Intercultural Learning 101: Study Abroad
MODULE 1: INTRODUCTION
This course provides the understanding of global learning and diversity leading to effective interaction in a diverse and global society.
This course is designed to introduce you to a developmental model of intercultural knowledge and competency to prepare for study abroad. You will describe your own culture and compare and contrast it to other cultures including history, values, communication styles, economy, beliefs, and practices. You will explore the attitudes, knowledge, and skills necessary to communicate and interact effectively with diverse persons from diverse or different cultures and national backgrounds.
Definitions of Intercultural Knowledge and Competency
Intercultural Knowledge and Competence is "a set of cognitive, affective, and behavioral skills and characteristics that support effective and appropriate interaction in a variety of cultural contexts.” (Bennett, J. M. 2008. Transformative training: Designing programs for culture learning. In Contemporary leadership and intercultural competence: Understanding and utilizing cultural diversity to build successful organizations, ed. M. A. Moodian, 95-110. Thousand Oaks, CA: Sage.)
Intercultural competence is “the ability to think and act in interculturally appropriate ways” (Hammer, M.R., Bennett, M.J., & Wiseman, R. 2003. Measuring Intercultural Sensitivity: The Intercultural Development Inventory. International Journal of Intercultural Relations, 27(4), 421-443.)
Intercultural proficiency is “The ability to successfully communicate, understand, and interact among persons with differing assumptions that exist because of ethnic and cultural orientations.” (Association of College Unions International. Retrieved March 3, 2014. Source.
Preparing to Study Abroad: Learning to Cross Cultures by Steven T Duke, 2014, Stylus Publishing, Sterling, Virginia
Global Learning Outcomes (GLOs)
1. Students reflect on an attitude of Intercultural Openness meaning an attitude to initiate and develop interactions with culturally different others and how to suspend judgment in valuing interactions with culturally different others.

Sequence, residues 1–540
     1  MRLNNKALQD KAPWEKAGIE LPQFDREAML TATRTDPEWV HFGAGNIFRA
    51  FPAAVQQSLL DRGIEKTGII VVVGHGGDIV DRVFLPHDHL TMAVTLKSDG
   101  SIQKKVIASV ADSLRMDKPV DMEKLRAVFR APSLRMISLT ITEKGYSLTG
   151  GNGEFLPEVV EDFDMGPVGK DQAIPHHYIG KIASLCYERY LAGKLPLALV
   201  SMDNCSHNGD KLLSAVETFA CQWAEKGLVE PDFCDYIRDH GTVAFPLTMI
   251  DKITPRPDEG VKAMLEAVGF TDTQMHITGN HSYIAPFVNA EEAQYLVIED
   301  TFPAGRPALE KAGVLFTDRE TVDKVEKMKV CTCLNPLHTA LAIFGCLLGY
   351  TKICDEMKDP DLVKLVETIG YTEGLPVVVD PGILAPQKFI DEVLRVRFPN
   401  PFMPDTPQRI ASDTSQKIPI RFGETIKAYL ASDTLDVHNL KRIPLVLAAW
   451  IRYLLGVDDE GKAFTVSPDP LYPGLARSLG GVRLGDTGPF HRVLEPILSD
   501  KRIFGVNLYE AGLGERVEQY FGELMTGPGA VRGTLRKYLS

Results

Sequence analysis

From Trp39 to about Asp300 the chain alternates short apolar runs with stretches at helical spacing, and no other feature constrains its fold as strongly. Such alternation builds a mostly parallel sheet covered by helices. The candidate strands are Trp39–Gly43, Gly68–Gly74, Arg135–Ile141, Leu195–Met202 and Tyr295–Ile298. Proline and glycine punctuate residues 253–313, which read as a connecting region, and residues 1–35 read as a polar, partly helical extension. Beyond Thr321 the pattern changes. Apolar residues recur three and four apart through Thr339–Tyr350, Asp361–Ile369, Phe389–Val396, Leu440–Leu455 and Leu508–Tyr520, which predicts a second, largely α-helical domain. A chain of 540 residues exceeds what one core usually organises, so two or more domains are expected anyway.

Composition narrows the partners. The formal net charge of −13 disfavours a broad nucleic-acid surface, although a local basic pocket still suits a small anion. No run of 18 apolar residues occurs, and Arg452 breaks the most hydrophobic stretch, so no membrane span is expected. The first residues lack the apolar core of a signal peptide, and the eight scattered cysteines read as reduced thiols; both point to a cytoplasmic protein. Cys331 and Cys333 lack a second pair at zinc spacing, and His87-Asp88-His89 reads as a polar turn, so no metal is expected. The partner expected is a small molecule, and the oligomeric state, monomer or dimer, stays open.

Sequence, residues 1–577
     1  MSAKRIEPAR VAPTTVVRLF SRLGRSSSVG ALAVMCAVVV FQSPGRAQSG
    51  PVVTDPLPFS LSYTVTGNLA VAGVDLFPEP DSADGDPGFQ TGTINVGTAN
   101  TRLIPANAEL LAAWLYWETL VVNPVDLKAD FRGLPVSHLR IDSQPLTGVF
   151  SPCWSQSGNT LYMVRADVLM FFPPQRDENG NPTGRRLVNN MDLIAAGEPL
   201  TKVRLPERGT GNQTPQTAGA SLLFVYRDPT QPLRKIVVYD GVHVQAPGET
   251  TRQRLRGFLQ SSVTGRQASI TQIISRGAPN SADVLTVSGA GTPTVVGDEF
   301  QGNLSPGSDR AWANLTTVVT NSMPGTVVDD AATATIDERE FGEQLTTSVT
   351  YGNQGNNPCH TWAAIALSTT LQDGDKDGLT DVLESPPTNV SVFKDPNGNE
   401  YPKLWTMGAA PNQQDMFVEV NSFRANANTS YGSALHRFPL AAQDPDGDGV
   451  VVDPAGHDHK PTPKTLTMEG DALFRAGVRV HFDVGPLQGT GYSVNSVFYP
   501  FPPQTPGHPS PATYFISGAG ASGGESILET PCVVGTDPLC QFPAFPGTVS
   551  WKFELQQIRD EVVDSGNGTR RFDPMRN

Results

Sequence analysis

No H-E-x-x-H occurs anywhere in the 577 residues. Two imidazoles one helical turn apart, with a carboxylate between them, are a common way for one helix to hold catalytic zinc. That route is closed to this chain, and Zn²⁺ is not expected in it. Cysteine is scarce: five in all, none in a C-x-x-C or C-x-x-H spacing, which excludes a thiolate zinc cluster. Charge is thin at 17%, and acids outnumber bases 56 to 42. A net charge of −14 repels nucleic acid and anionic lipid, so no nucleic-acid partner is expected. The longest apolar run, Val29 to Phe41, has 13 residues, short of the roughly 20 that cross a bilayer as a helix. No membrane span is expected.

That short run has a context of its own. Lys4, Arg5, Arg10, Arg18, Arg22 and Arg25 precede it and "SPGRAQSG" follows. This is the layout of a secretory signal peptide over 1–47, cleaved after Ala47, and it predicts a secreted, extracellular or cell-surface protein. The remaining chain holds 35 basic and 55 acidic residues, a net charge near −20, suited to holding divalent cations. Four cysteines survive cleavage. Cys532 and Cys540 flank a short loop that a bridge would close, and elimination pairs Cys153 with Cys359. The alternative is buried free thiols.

2. Students reflect on an attitude of Intercultural Curiosity meaning an attitude to ask complex questions about other cultures and how to seek out and articulate answers to these questions that reflect multiple cultural perspectives.
3. Students reflect on knowledge of Cultural Worldview that demonstrates a sophisticated understanding of the complexity of elements important to members of another culture in relation to its history, values, politics, communication styles, economy, or beliefs and practices.
4. Students reflect on knowledge of Cultural Self-Awareness that is to articulate insights into their own cultural rules, assumptions, and biases and awareness of how experiences shape these rules, assumptions, and biases.
5. Students reflect on the skills of Intercultural Verbal and Nonverbal Communication meaning to articulate a complex understanding of cultural differences in verbal and nonverbal communication and the ability to skillfully negotiate a shared understanding based on those differences.
6. Students reflect on the skills of Intercultural Empathy meaning to interpret intercultural experiences from the perspectives of their own and more than one worldview and to demonstrate the ability to act in a supportive manner that recognizes the feelings of another cultural group.
MODULE 1 MODULE 2
MODULE 3 MODULE 4
MODULE 5 MODULE 6
MODULE 7 MODULE 8
For more information contact Charles A. Calahan, Ph.D., Assistant Director of Global Learning Faculty Development